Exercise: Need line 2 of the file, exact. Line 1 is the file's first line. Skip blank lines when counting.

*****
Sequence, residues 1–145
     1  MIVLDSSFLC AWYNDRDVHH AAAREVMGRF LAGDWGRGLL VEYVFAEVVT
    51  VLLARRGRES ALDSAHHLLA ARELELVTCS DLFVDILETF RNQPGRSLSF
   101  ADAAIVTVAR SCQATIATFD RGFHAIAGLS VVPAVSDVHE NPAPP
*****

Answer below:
     1  MIVLDSSFLC AWYNDRDVHH AAAREVMGRF LAGDWGRGLL VEYVFAEVVT